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Obama's meddling puts the brakes on the green car industry

In spite of a decade of failed government vehicle-efficiency policies, Obama has poured millions into the 'advanced vehicle' and fuel industries and wants to increase involvement. Unfortunately, the harm done by these handouts will extend far beyond simply wasting taxpayers’ money.

By Patrick Fleenor / May 14, 2012

President Obama walks past a Nissan Leaf electric car and Toyota Prius Hybrid on July 29, 2011 in Washington, where he delivered remarks on a program to improve the fuel efficiency of vehicles to be built between 2017-2025. Op-ed contributor Patrick Fleenor says: 'The key to developing the vehicles of tomorrow is to end government intervention in the automotive sector and allow firms to experiment with a wide range of technologies on an open, level playing field.'

Jason Reed/Reuters


Alexandria, Va.

Fearing an electoral backlash over rising gasoline prices, President Obama has been touting his energy policies. “We can’t have an energy strategy for the last century that traps us in the past,” the president said in a recent appearance. “We need an energy strategy for the future.”

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Promising to save Americans money by having the federal government play a more active role in developing future energy-efficient vehicles, the president said of critics, “There always have been folks who are the naysayers and don’t believe in the future, and don’t believe in trying to do things differently.”

What’s strange about this futuristic talk is that Mr. Obama’s plan to boost vehicle efficiency relies heavily on decades-old policies that have repeatedly failed. Indeed, the fuel efficiency of the US automotive fleet, which grew rapidly throughout the 1970s and 1980s, slowed significantly after the federal government became an active “partner” in vehicle design.

Before 1993, the federal government took mostly a backseat role in automobile design. Then President Clinton created the Partnership for the Next Generation Vehicle, a joint venture between the federal government and major American car companies.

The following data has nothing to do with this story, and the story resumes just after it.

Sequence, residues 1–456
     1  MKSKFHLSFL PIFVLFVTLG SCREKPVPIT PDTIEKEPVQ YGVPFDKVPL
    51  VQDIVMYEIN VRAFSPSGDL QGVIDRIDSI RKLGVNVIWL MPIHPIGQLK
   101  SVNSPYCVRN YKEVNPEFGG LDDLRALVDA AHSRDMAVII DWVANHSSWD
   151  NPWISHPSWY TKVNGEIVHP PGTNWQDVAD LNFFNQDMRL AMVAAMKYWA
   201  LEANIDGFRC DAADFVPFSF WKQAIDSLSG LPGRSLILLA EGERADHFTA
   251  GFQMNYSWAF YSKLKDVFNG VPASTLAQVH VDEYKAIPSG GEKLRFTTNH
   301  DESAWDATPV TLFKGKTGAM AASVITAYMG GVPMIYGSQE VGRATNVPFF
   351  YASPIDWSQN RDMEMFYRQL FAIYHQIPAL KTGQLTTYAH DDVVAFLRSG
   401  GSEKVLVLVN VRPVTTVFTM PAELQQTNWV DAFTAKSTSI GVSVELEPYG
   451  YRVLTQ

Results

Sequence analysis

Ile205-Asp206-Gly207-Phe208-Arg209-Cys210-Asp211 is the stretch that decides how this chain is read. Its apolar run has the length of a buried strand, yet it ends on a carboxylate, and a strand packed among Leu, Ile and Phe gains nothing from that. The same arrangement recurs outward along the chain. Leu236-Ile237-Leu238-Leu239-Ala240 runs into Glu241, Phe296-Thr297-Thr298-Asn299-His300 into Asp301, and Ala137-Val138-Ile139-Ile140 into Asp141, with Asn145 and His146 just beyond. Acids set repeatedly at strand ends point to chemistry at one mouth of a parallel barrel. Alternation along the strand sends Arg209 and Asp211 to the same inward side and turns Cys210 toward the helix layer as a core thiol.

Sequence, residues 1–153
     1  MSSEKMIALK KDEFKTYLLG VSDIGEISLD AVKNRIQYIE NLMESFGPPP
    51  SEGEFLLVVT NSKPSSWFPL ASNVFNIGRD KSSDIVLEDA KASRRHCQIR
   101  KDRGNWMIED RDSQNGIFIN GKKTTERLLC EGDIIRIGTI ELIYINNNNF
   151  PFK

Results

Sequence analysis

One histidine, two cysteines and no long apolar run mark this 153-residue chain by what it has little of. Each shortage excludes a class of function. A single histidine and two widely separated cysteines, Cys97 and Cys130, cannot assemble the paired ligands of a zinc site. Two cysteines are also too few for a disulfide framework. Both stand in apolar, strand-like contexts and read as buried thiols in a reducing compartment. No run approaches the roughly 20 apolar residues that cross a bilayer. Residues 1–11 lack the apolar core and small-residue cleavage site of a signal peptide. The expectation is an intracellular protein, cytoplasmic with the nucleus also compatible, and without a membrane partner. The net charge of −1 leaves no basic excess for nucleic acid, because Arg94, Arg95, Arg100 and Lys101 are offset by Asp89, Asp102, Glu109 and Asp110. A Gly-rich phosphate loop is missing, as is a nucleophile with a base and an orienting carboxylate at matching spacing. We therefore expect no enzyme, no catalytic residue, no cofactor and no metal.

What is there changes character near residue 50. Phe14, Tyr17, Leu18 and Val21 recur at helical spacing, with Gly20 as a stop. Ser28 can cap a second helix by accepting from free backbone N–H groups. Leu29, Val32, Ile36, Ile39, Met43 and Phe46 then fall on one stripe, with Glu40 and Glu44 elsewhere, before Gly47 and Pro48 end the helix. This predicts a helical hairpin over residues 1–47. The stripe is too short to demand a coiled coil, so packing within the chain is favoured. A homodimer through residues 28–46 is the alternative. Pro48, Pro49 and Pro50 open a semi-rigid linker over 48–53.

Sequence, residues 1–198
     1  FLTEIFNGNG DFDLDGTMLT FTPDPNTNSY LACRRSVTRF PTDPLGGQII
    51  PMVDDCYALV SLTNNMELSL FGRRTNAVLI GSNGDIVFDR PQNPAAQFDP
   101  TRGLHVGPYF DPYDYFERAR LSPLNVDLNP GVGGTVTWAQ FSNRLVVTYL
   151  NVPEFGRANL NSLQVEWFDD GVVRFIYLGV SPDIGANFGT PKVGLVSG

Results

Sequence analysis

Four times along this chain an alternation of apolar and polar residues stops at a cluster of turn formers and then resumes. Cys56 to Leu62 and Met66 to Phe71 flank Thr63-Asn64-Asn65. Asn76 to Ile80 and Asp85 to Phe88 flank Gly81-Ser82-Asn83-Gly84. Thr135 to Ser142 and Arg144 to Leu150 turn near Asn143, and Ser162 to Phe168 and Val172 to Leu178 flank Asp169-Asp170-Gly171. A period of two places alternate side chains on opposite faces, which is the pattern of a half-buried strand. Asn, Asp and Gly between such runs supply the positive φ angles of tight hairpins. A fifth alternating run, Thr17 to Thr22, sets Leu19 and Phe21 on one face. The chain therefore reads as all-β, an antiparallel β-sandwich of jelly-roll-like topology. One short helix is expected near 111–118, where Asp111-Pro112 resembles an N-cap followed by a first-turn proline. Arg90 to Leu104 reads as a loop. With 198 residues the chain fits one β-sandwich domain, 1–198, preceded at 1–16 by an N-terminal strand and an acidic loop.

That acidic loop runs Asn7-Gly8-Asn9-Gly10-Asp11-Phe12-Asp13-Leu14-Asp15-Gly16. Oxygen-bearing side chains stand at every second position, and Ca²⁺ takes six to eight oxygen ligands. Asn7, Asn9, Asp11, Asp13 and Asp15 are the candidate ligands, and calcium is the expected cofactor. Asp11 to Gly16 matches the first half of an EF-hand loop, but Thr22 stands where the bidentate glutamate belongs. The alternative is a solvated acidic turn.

“Today we are going to...launch a technological adventure as ambitious as any our nation has ever attempted,” Mr. Clinton said in a Rose Garden ceremony. Vice President Gore added, “The public should expect breakthroughs that will redefine the automobile industry and position our companies to have an excellent chance to dominate the market for an entirely new kind of automobile.”

Throughout the 1990s the Clinton administration kept up the hype, promising that by 2004 Detroit would be supplying consumers with 80-mile-per-gallon, family-sized vehicles. Yet by the dawn of the new century it became clear that this was a pipe dream.

Even more embarrassing was the fact that Toyota and Honda, foreign firms that had been excluded from the partnership, began introducing hybrid cars to the American market with fuel efficiency levels that approached the targets set for Clinton's partnership program.

Failure in government, however, is often the ticket to an even larger policy role. In 2002, the Bush administration rebranded the partnership the FreedomCAR, pumped up its budget, and expanded its mission. The next year the program grew to include energy firms, and its budget ballooned even more.

In the 2003 State of the Union address President Bush proclaimed, “With a national commitment, our scientists and engineers will overcome obstacles to taking these cars from laboratory to showroom so that the first car driven by a child born today could be powered by hydrogen and be pollution-free.”

Again, however, actual program results bore little semblance to presidential rhetoric. Nevertheless, the program lives on today, again under a new name – US DRIVE.


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